Late last month, shortly before the U.S. Congress shut down for its summer recess, the Senate Judiciary Committee's Intellectual Property subcommittee held an unusual hearing -- unusual because the only committee member attending the hearing was the chairman, Orrin Hatch, a Republican from Utah. Why would such a prestigious committee hold a hearing in Washington attended by only one member? To slam through some controversial legislation, of course. Senator Hatch was trying to pass a new law "reforming" the U.S. patent system and apparently felt it would all go much more smoothly without the presence of the other committee members.
Legislation to remove the rights of citizens and small businesses to innovate need to stop. Congress needs to get back to doing what the Constitution empowered it to do: "To promote the Progress of Science and useful Arts, by securing for limited Times to Authors and Inventors the exclusive Right to their respective Writings and Discoveries;"
4:29:20 PM comment 
Chris Date has an interview over on the O'Reilly site that's well worth the time to read. A favorite quote, one of many:
To a first approximation, "object/relational" just means the domains over which relations are defined can be of arbitrary complexity. As a consequence, we can have attributes of relations--or columns of tables, if you prefer--that contain geometric points, or polygons, or X rays, or XML documents, or fingerprints, or arrays, or lists, or relations, or any other kinds of values you can think of. But this idea too was always part of the relational model! The idea that the relational model could handle only rather simple kinds of data (like numbers, and strings, and dates, and times) is a huge misconception, and always was. In fact, the term object/relational, as such, is just a piece of marketing hype ... As far as I'm concerned, an object/relational system done right would simply be a relational system done right, nothing more and nothing less.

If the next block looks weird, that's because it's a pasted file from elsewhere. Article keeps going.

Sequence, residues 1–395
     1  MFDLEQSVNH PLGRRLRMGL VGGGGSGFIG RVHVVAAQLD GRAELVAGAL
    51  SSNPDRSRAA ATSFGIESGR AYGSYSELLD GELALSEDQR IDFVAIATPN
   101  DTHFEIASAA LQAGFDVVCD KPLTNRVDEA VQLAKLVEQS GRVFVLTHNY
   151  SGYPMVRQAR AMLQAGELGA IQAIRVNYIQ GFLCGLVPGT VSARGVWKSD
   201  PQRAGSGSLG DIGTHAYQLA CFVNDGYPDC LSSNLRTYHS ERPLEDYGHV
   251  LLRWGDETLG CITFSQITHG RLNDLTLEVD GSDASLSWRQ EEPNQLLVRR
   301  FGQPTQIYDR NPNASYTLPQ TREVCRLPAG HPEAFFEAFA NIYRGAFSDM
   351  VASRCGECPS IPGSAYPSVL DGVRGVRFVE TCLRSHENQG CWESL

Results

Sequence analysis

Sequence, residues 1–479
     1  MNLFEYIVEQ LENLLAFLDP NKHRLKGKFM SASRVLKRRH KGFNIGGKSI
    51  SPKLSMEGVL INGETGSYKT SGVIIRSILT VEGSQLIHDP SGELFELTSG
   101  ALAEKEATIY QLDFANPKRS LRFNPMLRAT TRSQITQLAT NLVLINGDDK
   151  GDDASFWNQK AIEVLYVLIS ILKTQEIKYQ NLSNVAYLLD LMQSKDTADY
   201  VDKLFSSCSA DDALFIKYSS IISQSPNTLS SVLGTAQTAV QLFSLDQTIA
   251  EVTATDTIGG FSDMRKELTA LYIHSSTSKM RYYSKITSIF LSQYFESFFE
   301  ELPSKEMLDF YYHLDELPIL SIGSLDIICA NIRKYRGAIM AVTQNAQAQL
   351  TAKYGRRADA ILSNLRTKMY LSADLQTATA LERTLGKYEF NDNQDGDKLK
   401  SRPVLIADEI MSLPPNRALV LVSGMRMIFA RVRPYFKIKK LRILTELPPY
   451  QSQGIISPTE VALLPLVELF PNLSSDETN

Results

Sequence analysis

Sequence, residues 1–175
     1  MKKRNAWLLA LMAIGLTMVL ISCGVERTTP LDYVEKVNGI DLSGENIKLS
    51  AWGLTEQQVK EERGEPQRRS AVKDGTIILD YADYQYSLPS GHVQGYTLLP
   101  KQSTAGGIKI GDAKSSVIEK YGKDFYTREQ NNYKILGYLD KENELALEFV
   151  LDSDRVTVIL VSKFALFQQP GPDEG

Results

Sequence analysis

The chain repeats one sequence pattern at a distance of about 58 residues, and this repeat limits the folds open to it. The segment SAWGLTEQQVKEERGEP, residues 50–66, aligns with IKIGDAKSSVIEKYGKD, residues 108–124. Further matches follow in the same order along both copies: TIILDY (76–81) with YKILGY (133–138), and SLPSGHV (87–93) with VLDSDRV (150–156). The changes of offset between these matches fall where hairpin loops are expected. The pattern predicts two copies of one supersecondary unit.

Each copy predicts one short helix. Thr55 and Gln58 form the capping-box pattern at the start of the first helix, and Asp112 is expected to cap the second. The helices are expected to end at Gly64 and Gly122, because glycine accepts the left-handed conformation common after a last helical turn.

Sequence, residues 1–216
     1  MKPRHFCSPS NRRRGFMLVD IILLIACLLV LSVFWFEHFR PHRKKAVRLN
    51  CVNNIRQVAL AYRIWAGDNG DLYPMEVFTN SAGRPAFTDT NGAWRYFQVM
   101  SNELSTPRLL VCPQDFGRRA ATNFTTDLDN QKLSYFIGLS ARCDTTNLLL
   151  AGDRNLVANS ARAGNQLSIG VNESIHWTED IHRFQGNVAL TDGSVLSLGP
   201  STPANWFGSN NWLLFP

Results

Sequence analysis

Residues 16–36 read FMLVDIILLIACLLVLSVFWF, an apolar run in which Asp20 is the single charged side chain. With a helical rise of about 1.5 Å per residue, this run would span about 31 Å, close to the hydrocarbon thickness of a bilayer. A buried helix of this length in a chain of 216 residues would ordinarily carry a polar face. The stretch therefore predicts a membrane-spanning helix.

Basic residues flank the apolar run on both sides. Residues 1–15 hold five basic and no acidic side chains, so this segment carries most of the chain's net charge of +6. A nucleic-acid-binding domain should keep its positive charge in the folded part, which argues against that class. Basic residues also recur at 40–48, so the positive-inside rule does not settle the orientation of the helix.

1:09:01 PM comment 
I took the MySQL Core Certification exam yesterday, and passed. It was a tough exam, a bit too picky about edge cases, I think, but I passed. The NDA pretty much forbids me saying more about the exam. Fair enough. The exam is only valid if the Q&A aren't published, otherwise, the value of the exam and certification plummets, as happened with "paper CNEs" and "paper MCSEs".
The MySQL folks don't seem as constrained by the NDA, and post a "real life story" as well as point to two blogentries. That ought to give you a pretty good idea of what's involved. I'll wait a while before taking the Pro certification, as it'll require a few weeks of dedicated night and weekend studying, but I think that's the proper level of certification for a software development consultant like me to have.
11:19:18 AM comment